I took a look at three stocks to avoid last week, predicting that Norwegian Cruise Line Holdings (NCLH -4.72%), Osprey Bitcoin Trust (OBTC 0.29%), and Spirit Airlines (SAVE -1.77%) would have a bad week.

  • Norwegian Cruise Line was sailing higher through the first three trading of last week, only to be swept under the waves in the final two sessions. The country's third largest cruise line closed 2% lower for the week. It's still a couple of months away from resuming its sailings, and that restart date keeps getting pushed back.
  • Osprey Bitcoin Trust entered the week trading at a ridiculous 152% premium to its Bitcoin (BTC -0.18%) assets. It wasn't sustainable in a world with much cheaper alternatives. I was right this time. Osprey Bitcoin Trust plummeted 40%, but it continues to trade at a wide premium to the Bitcoin tokens it owns. 
  • Spirit Airlines descended during last week's flight plan, moving 4% lower. It posted disappointing earnings. It served up a larger than expected loss for the period, making it four times out of the last five quarters in which it has missed Wall Street's bottom-line target.  

The three stocks averaged a 15% drop for the week, naturally weighed down by the plunge at Osprey Bitcoin Trust. The S&P 500 rose 0.8% for the week. I guess you can say I won this time. This week, I see IMAX (IMAX -0.28%), Gap (GPS -3.20%), and Eventbrite (EB -3.19%) as vulnerable investments in the near term. Here's why I think these are three stocks to avoid this week.

A seated woman looks down as question marks and a downward moving stock arrow are in the background.

Image source: Getty Images.


One of the more surprising names hitting 52-week highs last week is IMAX. The provider of super-sized theatrical experiences soared 18% on Friday after posting better-than-expected top-line results

Revenue clocked in 55% below the prior year's holidays. Analysts were bracing for a 63% plunge. It was a different story on the bottom line where the red ink was more than expected. Success in Asia is helping offset dreadful results in the U.S. market, but this isn't a market that's just going to right itself in a year or two. 

The streaming revolution is taking its toll on the multiplex industry. Content suppliers to theaters are now competitors with platforms that need to be fed. IMAX has the advantage of serving up a high-end experience that can't be easily duplicated at home, but a bigger slice of a shrinking pie is not a treat.     

2. Gap

Gap is another head scratcher. The apparel retailer is trading at its highest level in two years, and it also popped last week following a market-pleasing report.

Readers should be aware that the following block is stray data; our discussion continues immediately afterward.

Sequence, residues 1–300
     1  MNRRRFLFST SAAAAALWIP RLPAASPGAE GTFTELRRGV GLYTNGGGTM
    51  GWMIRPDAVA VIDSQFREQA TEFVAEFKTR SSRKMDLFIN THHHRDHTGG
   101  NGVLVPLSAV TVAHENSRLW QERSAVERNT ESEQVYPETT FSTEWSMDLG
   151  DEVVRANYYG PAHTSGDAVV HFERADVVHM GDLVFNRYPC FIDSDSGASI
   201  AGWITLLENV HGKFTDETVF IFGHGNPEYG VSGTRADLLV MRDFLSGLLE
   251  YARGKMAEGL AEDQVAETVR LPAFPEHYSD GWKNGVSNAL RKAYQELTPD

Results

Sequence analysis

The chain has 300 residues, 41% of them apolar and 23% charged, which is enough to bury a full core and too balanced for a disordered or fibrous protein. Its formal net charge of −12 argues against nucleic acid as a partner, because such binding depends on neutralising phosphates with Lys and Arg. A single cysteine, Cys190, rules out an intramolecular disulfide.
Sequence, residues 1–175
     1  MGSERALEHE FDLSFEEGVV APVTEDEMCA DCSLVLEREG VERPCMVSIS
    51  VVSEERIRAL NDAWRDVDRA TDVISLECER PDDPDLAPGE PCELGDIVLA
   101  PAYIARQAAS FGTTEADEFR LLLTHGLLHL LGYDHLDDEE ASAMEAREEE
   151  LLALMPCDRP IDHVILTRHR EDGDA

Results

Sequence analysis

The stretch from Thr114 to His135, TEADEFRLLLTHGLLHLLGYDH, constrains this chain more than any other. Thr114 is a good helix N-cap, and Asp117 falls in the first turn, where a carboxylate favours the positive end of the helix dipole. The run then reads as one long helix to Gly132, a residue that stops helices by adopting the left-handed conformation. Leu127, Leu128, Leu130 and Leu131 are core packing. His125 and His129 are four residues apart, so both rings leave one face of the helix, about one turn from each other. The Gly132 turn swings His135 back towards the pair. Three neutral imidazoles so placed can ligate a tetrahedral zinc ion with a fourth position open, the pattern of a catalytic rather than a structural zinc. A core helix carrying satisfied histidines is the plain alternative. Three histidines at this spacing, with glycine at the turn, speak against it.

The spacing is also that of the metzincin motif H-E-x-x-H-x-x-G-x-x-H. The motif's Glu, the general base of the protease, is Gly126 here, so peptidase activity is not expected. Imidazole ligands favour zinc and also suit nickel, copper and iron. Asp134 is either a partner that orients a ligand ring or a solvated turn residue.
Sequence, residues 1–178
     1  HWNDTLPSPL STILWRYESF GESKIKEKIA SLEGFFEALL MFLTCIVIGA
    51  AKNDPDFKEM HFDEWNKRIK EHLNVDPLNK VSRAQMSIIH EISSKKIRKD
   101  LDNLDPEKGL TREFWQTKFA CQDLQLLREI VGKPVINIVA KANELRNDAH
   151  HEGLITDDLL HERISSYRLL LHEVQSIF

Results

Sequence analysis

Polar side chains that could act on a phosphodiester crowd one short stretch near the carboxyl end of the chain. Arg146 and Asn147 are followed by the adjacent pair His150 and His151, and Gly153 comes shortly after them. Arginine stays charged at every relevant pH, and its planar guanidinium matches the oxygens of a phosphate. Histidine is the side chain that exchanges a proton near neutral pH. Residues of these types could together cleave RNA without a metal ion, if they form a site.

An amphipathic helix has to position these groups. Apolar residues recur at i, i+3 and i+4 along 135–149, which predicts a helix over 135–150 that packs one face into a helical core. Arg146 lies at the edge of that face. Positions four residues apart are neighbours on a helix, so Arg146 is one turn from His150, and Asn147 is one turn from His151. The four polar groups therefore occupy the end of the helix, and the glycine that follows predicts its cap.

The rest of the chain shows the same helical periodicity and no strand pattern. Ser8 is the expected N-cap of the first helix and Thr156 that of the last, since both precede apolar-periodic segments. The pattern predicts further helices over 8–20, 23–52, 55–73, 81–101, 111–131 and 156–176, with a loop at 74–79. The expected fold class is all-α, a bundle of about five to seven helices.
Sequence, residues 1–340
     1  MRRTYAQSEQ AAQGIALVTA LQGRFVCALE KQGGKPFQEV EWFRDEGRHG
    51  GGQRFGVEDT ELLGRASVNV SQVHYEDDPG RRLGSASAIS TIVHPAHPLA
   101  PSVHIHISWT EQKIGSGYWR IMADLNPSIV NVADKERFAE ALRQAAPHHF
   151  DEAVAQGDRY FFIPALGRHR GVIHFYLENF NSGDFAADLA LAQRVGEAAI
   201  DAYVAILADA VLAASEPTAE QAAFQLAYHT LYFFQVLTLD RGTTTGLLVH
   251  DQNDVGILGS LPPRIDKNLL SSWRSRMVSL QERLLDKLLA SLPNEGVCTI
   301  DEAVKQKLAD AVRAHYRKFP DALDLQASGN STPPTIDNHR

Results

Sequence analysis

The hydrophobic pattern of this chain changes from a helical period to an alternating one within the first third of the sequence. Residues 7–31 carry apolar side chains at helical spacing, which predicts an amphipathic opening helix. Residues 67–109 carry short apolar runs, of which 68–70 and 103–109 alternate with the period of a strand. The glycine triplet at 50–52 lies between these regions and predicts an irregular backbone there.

Comps were flat in the fiscal fourth quarter, and that is certainly a welcome surprise. A 49% surge in digital sales helped offset a 28% slide in physical store sales. Overall revenue was still 5% lower, as improvements at Old Navy and Athleta couldn't overcome the shortcomings of its Banana Republic and Gap chains. 

Gap is talking a good game. It sees sales climbing in the mid- to high teens in fiscal 2021, but that may not get it back to where it was in fiscal 2019. Gap feels that "peacocking" will help spur sales as we claw our way out of pandemic with folks wanting to show off new stores, but is that really going to be necessary when we haven't been seen much in what we've been wearing over the past year? 

It's not just the pandemic weighing on Gap. Revenue has declined in four of the past six fiscal years. Consumers are getting their clothes elsewhere, and any upticks will likely prove temporary. Don't fall into the Gap trap.

3. Eventbrite 

A recurring theme in this week's list of stocks to avoid is stocks that don't seem worthy of the all-time highs they hit on Friday. Eventbrite fits the bill. The online events ticketing specialist had a rough 2020 with in-person events off the entertainment menu. Eventbrite has been a popular platform to drum up registrations and ticket sales for online events -- 4.6 million in 2020 -- but most of those are free virtual presentations that aren't going to pay the bills. 

Eventbrite's revenue fell a lot harder than Wall Street was expecting when it reported fresh financials two weeks ago. A silver lining here is that cost savings it announced 11 months ago will trim $100 million in annualized expenses, but anyone expecting a quick bounce for in-person events after the vaccination process plays out may want to revisit how long it will take for travel restrictions to ease up worldwide and how it will take time for many consumers to warm up to crowded gatherings. 

If you're looking for safe stocks, you aren't likely to find them in IMAX, Gap, and Eventbrite this week.